The venerable “Treasure Island” gets Muppetized and wades into cutthroat commercial seas for what should be a respectable theatrical voyage. This pirate adventure is a rollicking musical reworking of the Stevenson classic, bearing due credit to the original, albeit with liberal, furry embellishment. Though not quite a bull’s-eye, “Muppet Treasure Island” has enough craft and goodwill to register with fans and rack up good initial returns.
The skeleton of the original remains in the latest screen adaptation. Young Jim Hawkins (Kevin Bishop) is an orphan working in a seaside tavern frequented by a scurvy lot. The blustery, now landlocked, Billy Bones (Billy Connolly) spins yet again the saga of a fabulous treasure buried on a remote island by Capt. Flint, who murdered his crew and died before he could return to dig it up. Presumably the ocean of gold and jewels has been lost to time and marooned in legend. But that would be too simple an end. One windswept night, Bones is sought out by an ex-mate who gives him the “black spot”– the sailor’s kiss of death. His last desperate act is to give the Hawkins lad Flint’s hitherto unknown treasure map. Jim hightails it with tavern co-workers Gonzo the Great and Rizzo the Rat in search of a ship to take him to the remote atoll.
As with all Muppet ventures, the juxtaposition of classic and modern elements , real and cloth characters, is disorienting in a most entertaining fashion.
Kermit the Frog (performed by Steve Whitmire) assays the role of Capt. Smollett, the skipper of the ship that sets sail for glory and lucre. Aboard, and pivotal, is the seemingly decent, salt-of-the-earth John Silver (Tim Curry). But we all know this familiar yarn, and it’s only a matter of time before he unfurls his true colors.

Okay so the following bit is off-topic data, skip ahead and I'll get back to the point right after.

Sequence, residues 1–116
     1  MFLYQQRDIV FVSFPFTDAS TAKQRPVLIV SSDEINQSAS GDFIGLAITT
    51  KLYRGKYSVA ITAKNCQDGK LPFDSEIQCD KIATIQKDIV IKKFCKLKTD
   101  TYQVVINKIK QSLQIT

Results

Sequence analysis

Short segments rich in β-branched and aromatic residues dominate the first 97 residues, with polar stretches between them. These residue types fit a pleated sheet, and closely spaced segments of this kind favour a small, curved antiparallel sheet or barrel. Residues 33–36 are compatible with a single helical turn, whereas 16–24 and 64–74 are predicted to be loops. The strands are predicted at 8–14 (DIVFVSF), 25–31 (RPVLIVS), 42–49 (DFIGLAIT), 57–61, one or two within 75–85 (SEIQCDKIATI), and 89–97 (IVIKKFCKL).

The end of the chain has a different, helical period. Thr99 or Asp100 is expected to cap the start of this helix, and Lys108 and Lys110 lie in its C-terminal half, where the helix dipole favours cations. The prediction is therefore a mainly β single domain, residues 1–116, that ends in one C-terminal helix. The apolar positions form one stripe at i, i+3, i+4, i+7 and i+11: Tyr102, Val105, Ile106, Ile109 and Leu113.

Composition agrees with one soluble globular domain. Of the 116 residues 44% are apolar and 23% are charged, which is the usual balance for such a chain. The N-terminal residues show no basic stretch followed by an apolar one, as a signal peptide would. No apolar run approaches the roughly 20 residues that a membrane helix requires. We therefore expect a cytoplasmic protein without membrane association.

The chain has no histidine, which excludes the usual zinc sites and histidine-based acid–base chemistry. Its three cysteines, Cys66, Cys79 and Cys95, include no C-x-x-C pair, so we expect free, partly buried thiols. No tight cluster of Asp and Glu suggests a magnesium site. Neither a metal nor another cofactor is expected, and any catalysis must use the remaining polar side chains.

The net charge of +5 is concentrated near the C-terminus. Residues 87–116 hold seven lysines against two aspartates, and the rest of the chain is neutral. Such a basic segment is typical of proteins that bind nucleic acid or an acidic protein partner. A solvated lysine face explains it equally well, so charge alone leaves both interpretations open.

The well-worn material contributes to the film’s basic weaknesses. It doesn’t fully leave port — literally or figuratively — until Kermit arrives on the scene, and one has to wade through far too much narrative before Miss Piggy can be introduced. Gonzo, Rizzo, Fozzie and others are excellent supports, but simply cannot be counted on for the star quality this vehicle requires.
Curry is as sturdy a Long John as ever roamed the movie screen and a darn sight better singer than either Wally Beery or Robert Newton. He’s put to good voice in “Professional Pirate,” the film’s liveliest production number. But most of the original Barry Mann-Cynthia Weil songs have a sameness or recall earlier Muppet efforts. Newcomer Bishop is a pleasant if undistinguished Jim Hawkins with a thin singing voice.
“Professional” is an apt adjective to tag on this textiled “Treasure Island.” While the creative forces behind the endeavor maintain a high standard throughout, what’s lacking is a firm grip on the wheel. As a result, the action lists slightly off course, proceeding as a series of sketches with familiar faces doing well-honed shtick to hummable, but forgettable tunes.
While the picture is often pure delight, and constantly inventive and engaging, ultimately it is not up to the top standards of the troupe.